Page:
The vet offers advice on keeping pets safe


cicadas
(© Ralf Broskvar – stock.adobe.com)

Brood X cicadas have now arrived in large numbers in the East and Midwest, giving backyard pets a delicious treat. Veterinarian Mark Freeman of Virginia-Maryland College of Veterinary Medicine at Virginia Tech, pet owners should be extra careful over the next few weeks.

“As a general rule, an animal can eat several cicadas without any complications. Most dogs find them quite fascinating and will happily take them in their mouths. Once the animal finds out how deliciously crunchy they are, they happily eat them as well. And then eat more and more of it, ”said Freeman, clinical assistant professor in community practice at the Virginia-Maryland College of Veterinary Medicine at Virginia Tech.

“This is where problems can develop. Gorging on cicadas can lead to varying degrees of gastrointestinal upset such as vomiting and diarrhea, stomach and intestinal pain, and even the possibility of obstruction if they ingest too many shells that can not then pass. “

Dr Freeman cautions pet owners: If you see your pet picking up a cicada in its mouth, do not attempt to remove it, as this could cause them to swallow the cicada whole, posing a risk of suffocation.

“Let them chew it, then try to get it out of their mouth, or just let them chew it and swallow it, but keep them away.”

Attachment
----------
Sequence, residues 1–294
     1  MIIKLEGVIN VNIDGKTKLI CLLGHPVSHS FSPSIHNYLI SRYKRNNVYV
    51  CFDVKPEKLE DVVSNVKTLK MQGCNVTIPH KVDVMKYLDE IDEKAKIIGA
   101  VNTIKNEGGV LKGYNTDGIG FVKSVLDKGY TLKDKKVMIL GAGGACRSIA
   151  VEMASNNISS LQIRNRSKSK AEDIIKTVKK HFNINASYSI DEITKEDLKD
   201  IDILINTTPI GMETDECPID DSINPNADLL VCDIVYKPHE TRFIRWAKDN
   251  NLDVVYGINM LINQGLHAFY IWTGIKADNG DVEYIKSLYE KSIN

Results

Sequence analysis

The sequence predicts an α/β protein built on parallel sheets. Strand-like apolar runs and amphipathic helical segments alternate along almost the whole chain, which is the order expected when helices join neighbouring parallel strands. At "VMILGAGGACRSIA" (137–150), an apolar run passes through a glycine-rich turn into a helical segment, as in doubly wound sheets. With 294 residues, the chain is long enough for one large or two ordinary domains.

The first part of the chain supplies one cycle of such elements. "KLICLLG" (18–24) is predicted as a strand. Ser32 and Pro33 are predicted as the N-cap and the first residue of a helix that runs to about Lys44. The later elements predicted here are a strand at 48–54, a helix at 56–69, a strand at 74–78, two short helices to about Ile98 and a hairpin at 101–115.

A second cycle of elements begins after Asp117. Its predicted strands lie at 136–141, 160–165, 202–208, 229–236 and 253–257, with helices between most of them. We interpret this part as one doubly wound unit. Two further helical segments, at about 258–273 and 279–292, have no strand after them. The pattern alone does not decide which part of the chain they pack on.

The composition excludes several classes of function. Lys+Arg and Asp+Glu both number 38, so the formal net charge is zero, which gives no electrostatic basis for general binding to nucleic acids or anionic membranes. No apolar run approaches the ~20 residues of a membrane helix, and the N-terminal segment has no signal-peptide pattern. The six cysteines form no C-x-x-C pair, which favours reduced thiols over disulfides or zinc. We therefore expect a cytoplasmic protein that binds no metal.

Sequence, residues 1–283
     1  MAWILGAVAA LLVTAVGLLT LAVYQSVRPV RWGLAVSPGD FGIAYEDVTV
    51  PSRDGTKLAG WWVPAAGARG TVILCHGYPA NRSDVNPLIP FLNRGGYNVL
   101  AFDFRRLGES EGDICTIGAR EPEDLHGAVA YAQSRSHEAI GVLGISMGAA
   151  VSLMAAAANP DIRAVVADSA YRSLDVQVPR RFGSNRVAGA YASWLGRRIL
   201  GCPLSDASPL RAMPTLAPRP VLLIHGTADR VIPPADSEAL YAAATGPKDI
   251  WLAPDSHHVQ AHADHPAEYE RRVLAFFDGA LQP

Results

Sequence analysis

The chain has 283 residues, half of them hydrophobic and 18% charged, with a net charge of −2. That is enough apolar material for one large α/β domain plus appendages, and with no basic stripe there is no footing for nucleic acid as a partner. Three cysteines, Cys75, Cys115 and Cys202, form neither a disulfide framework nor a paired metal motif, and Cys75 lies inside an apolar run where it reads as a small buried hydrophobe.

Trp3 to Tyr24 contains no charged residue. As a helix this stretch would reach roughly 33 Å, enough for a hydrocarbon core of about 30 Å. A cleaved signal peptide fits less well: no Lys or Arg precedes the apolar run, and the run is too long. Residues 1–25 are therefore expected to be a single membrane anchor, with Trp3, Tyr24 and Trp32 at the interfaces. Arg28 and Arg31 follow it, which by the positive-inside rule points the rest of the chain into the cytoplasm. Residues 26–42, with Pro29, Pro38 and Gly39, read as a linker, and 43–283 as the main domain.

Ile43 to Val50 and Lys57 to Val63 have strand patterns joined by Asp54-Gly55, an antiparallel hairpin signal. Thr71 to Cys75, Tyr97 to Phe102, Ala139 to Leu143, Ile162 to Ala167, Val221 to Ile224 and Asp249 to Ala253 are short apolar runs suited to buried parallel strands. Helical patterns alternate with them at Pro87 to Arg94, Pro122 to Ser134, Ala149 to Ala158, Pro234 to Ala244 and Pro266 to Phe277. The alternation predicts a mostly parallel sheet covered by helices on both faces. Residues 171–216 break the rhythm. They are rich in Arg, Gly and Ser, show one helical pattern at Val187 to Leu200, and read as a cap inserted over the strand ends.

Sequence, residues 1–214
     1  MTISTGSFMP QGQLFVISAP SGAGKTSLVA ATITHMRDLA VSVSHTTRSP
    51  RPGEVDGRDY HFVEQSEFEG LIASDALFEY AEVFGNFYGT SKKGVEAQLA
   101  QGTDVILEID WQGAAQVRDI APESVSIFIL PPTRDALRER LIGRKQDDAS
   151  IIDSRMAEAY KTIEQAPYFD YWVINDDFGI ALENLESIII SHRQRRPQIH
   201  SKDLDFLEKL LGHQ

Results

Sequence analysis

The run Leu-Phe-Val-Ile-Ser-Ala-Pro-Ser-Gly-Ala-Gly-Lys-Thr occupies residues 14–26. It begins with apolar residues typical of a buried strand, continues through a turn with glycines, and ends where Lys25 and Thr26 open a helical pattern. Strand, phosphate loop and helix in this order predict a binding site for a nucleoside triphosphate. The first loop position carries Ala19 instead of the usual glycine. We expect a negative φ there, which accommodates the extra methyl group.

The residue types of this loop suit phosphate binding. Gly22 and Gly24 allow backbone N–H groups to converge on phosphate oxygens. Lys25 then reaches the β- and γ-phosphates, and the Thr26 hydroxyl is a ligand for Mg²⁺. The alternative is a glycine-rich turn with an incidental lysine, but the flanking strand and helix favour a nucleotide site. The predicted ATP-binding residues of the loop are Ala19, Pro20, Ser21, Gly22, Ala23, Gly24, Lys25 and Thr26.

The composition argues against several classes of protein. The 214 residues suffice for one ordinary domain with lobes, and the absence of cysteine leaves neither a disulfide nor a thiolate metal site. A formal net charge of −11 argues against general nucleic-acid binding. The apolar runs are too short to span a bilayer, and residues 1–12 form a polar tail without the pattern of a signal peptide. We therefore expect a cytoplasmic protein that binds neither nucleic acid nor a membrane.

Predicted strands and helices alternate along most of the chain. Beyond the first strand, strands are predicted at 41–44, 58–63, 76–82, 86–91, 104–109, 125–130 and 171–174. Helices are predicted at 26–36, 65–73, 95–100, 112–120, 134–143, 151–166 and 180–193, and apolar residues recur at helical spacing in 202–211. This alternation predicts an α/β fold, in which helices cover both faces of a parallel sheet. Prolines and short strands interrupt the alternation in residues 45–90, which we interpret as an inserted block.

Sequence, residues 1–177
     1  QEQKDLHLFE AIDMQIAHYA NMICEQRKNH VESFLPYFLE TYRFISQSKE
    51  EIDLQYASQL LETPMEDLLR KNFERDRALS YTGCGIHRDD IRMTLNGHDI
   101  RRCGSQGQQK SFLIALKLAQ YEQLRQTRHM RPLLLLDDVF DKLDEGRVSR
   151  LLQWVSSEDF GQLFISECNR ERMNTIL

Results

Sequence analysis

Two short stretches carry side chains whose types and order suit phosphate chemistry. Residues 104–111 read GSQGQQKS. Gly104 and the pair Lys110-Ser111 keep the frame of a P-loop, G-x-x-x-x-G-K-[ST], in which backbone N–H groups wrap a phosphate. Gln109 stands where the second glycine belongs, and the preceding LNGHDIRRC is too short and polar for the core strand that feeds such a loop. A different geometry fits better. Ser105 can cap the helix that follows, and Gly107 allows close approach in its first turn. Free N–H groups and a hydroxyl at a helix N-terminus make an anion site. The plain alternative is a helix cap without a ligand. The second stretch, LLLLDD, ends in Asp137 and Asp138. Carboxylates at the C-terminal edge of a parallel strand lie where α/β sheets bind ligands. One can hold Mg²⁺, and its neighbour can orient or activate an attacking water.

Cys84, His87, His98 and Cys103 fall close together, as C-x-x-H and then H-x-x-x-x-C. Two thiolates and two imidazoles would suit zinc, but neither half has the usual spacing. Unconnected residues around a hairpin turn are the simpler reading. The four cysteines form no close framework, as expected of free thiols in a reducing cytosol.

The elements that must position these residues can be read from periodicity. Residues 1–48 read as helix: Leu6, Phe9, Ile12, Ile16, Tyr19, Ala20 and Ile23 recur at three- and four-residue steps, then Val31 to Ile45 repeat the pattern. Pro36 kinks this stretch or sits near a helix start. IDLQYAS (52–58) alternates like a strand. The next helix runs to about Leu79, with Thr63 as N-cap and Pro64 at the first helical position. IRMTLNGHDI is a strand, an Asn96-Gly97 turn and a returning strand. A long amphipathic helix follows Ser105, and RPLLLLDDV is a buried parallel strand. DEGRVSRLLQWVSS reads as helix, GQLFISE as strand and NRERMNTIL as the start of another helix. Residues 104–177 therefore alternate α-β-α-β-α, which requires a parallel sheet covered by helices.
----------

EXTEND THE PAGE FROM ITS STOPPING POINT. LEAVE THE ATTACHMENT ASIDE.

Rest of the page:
“A strong recommendation for dog owners before cicadas hatch is to teach the animal the ‘leave him’ order. This way, when you are walking with your pet and they come across a number of cicadas, you can more easily prevent them from ingesting a large number of them. If you have a young puppy, it would be ideal to keep it on a leash and under control when walking to avoid the risk of ingesting large numbers of cicadas.

If your pet is stuffed with cicadas, it would be recommended that you consult your veterinarian as soon as possible in order to establish an appropriate treatment plan based on the severity of the clinical signs that develop.

“A little vomiting and diarrhea can be managed relatively easily, but severe gastrointestinal pain or possible obstruction requires much more aggressive intervention,” Freeman said. treatment is necessary. “

Experts of Virginia Tech Department of Entomology point out that the periodic cicadas will for the most part have disappeared by the beginning of July and will not be back for another 17 years. So it’s once in the life of an average pet that they’ll find them.


About Hector Hedgepeth

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